The Victorian Government announced recently that stamp duty (land transfer duty) will be abolished for first-home buyers purchasing a home with a dutiable value of not more than $600,000.
This will make the existing first-home buyer 50 per cent duty reduction that applies to the purchase of a home with a dutiable value of not more than $600,000 a full exemption. Source: State Revenue Office
So, as a first home buyer, should you hold off buying until the new financial year to take advantage of the change?
Currently, if purchasing a first home in Victoria at a value of $250,000, the stamp duty payable is $4,435. For sure, this is a substantial amount of money for a budget-conscious first home buyer, and if it were as simple as waiting a little over 2 months, all else being equal, and avoid paying over four thousand dollars, then surely this money is better in your pocket than the government’s, right?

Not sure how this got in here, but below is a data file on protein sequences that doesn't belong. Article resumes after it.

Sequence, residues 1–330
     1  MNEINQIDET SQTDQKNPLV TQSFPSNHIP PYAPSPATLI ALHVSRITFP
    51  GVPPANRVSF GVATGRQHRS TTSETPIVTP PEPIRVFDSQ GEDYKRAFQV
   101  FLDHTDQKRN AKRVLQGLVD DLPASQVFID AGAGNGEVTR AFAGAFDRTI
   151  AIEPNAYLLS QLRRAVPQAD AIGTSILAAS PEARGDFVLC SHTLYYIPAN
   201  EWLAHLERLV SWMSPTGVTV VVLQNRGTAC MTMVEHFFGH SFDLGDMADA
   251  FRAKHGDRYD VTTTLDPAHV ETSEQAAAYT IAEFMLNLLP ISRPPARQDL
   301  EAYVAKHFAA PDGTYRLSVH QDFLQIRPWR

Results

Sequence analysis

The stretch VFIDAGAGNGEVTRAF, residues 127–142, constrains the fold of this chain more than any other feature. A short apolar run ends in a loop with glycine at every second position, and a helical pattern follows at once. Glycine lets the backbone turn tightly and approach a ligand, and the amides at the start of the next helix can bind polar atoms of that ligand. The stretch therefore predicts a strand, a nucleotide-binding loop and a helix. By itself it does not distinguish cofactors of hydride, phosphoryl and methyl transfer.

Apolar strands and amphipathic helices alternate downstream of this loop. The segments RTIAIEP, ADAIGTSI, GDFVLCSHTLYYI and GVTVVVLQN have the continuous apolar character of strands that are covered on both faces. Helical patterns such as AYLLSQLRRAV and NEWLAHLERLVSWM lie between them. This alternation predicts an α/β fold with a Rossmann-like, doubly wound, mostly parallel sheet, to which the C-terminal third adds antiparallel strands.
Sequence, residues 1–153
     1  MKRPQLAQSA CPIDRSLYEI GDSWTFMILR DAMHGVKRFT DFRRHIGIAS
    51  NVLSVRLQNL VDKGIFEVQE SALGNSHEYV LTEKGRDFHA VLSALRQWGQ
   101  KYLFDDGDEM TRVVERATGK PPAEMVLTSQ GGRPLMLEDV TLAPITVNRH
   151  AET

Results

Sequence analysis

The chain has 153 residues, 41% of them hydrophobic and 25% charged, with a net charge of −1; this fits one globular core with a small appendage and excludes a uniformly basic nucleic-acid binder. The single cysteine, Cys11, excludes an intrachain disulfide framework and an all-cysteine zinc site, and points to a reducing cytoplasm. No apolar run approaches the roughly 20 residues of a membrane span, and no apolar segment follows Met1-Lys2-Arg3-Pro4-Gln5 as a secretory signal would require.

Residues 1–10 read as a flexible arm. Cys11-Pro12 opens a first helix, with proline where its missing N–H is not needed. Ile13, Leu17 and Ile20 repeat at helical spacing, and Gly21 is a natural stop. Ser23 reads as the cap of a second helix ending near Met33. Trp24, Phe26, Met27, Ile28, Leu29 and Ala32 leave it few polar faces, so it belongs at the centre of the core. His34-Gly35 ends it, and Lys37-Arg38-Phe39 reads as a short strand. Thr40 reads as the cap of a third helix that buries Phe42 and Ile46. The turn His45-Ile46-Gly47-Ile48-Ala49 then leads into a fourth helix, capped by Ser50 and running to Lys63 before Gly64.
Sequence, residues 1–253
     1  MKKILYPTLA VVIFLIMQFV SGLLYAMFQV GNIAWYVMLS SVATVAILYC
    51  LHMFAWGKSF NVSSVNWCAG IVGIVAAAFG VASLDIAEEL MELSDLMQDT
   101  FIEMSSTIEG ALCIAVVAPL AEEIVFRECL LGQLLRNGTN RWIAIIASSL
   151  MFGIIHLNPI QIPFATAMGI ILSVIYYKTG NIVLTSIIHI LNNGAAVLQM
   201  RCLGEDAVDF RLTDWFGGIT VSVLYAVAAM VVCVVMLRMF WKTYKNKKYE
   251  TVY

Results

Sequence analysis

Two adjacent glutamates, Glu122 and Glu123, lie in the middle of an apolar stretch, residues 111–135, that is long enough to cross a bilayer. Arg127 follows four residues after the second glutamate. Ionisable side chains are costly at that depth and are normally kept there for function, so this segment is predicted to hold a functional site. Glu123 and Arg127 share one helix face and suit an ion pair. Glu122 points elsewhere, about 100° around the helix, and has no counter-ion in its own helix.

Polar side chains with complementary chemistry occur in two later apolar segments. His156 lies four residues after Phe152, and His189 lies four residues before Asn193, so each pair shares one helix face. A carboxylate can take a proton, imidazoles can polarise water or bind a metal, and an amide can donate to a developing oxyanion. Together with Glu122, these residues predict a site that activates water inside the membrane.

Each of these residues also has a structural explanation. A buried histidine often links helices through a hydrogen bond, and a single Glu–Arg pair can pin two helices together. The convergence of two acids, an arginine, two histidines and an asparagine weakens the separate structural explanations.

Maybe not. Because all else may not be equal.
Wilsons have had a handful of budding first home buyers mention putting their search on hold until the stamp duty saving comes into place, and if a few have mentioned it to us, guaranteed there will be several more thinking the same.
The property market is like any other – it is governed by supply and demand. When demand increases, this puts upward pressure on prices. Supply is absorbed by the increased demand, and there is less to choose from.
So, lets project the calendar forward to July, when, it seems, thanks to a government incentive designed to do exactly this, demand for first homes should increase. There is a very finite supply of suitable first homes on the market at any one point in time, and the sudden uptake of many of these is likely to lead to less choice for buyers, and an increase in prices, which may or may not be at least the equivalent of the stamp duty savings, or more.
No-one has a crystal ball, but if this happens as outlined above, suddenly the option of buying now rather than waiting is looking pretty good, when in the writer’s opinion there is more to choose from on the market and less competition for it compared to what is likely to be the case after July 1 when prices may also jump.
Pay $4,435 to the government now (on a price of 250k), or save this expense but potentially sacrifice on your choice of home and an inflated purchase price.